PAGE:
* What did you learn from your DC Stoddert experience and how has it helped you?
Technique, technique, technique! I am very thankful to all my DC Stoddert approach and the coaches who always stressed – “Better technique, do not boot the ball up field, play out of the back.” This was a big plus for me when I arrived at academy level. You know, at DC United if you have good technique and understand the game they will look at you. As a defender you must be able to play out of the back. If you lack those qualities they are just not interested, no matter your size.


* How did you gravitate towards defense?
Well first of all I am part Italian and I think it is within me. Second there is Fabio Cannavaro who captained the Italian national team and won the World Cup in 2006. He is my idol.


* What qualities doe a good defender need?
To be a good central defender you must be able to communicate and organize your defense. You must be able to read the game and anticipate. Once in possession you must be able to play out of the back.


* I understand you are a strong student, talk about balancing studies and the demands of soccer?
Easy (smiles). My parents told me very early “no grades, no soccer.” I was certainly going to play soccer. Also, you have to know your priorities and mine are school and soccer. That means I cannot go to all the parties and hang out with my friends as much as I would like to but that’s cool.


* Who are the people or role models that have influenced you?
My parents have always supported me. They have given me the opportunity to succeed but never handed it to me. I respect them because they never tell me I am doing well when I’m not.


* What are your other interests?
Wow, don’t have too much time left between school and soccer. Roma (Italian club team) is my passion. I spend an unhealthy amount of time reading all and everything that deals with Roma.


* Your favorite food?


* What are you listening to these days in your IPod?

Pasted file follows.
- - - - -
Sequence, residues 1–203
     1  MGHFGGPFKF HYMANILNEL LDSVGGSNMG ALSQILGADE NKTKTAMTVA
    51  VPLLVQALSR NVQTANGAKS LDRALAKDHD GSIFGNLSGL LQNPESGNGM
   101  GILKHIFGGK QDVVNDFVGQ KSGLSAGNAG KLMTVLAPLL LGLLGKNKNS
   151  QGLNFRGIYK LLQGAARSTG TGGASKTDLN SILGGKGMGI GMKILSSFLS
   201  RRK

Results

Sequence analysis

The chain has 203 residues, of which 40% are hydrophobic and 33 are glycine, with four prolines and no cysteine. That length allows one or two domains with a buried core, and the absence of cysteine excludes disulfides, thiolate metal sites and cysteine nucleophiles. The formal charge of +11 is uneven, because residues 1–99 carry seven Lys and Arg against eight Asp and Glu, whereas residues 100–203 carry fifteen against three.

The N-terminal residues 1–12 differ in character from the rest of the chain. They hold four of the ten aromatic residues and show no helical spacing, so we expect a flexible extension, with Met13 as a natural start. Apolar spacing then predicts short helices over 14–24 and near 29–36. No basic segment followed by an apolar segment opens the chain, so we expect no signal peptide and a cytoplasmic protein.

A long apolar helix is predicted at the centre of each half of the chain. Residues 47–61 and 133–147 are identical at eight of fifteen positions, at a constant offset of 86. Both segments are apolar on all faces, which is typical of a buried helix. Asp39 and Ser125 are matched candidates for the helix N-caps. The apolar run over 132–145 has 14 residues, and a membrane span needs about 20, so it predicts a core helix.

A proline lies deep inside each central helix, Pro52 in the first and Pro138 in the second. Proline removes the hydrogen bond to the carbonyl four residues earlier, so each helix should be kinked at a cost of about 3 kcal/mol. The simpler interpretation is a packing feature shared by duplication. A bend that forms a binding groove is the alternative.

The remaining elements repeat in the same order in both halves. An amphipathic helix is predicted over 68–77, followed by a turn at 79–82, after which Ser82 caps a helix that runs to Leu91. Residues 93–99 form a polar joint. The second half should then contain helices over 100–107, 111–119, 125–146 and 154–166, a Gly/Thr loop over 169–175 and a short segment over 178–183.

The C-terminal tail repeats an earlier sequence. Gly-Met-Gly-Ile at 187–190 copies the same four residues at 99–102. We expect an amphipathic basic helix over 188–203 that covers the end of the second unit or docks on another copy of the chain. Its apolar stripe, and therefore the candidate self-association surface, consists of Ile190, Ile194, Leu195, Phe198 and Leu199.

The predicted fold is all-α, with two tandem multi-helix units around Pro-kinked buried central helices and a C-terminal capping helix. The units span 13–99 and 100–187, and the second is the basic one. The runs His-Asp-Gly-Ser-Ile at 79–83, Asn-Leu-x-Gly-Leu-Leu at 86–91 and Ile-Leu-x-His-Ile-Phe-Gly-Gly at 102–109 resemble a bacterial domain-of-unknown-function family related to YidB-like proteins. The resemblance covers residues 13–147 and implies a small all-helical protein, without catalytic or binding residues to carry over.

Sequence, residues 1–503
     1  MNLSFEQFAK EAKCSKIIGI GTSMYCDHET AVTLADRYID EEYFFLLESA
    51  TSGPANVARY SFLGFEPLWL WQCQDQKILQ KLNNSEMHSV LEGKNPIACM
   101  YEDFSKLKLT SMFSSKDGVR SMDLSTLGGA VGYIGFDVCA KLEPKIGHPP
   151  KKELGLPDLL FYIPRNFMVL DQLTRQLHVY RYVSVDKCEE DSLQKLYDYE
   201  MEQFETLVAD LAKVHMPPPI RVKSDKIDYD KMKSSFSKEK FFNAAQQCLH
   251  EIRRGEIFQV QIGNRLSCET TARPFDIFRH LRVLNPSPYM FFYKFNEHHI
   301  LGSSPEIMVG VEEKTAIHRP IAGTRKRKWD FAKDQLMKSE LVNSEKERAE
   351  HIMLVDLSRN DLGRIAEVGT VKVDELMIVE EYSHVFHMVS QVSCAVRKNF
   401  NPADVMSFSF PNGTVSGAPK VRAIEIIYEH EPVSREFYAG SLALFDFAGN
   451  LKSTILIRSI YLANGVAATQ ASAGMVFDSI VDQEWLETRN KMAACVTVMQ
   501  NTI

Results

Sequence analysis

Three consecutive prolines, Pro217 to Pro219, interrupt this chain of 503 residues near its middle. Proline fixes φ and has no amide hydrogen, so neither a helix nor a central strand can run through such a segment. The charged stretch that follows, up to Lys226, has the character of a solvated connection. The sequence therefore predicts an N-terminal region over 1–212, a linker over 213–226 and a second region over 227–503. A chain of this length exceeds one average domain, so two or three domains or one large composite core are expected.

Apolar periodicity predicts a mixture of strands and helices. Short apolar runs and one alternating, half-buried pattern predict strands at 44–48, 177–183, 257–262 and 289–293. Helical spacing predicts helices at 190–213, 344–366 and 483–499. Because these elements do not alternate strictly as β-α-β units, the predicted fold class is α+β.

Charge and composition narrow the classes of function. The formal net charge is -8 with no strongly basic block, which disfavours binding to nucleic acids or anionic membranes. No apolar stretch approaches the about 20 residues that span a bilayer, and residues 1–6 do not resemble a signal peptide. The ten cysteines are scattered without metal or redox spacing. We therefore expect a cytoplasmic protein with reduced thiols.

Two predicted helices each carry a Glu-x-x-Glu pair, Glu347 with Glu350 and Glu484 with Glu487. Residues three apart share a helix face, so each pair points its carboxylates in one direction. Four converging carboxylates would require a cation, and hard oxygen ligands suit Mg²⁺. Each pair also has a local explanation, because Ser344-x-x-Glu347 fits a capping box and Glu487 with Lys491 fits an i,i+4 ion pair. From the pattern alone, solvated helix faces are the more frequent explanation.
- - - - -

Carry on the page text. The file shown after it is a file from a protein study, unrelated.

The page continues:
Rap, even though my parents don’t like it. I listen before and after games, it helps me reflect on my mistakes.


* Which country in the world you would like to visit?
I have been lucky enough to visit Kenya quite regularly and the country has had a big influence on me. It taught me that soccer is a culture and a game that brings happiness to so many people. Also, the Kenyan people have taught me to see life differently than here in the States. Kenyans do not worry about all the extra things we do. I have learned from them to be simpler and to just enjoy life.


* The European Nations Cup takes place this summer, what teams are you supporting and what are your thoughts as to the favorites?
Italy is obviously who I am supporting but I doubt it will be our year. Aside from Champions Spain, Germany and Holland have the best young players and the strongest squads.


* Who is your favorite American soccer player?
Brandon McDonald, DC United’s pro team center back. I see a lot of myself in him and have learned so much from watching him up close. I was lucky enough to get his jersey.


* Your favorite non-American soccer player?
Daniele De Rossi and Francesco Totti of Roma


* What is your biggest strength?
I am a bit of a leader, I will listen to others but always form my own opinion.


* The trait or characteristic you need to work on the most?
On the soccer field I need to work on the mental part of my game, learn to relax and forget about my mistakes so I can play better. Off the field I must learn to stop boring everyone about my beloved Roma.


* Any words of wisdom you would like to pass on to younger players?
Know what you want from the game, get your priorities straight and never let anyone discourage you.


*Ciao Matteo!
Ciao, Grazie!

No Comments Yet.

Leave a comment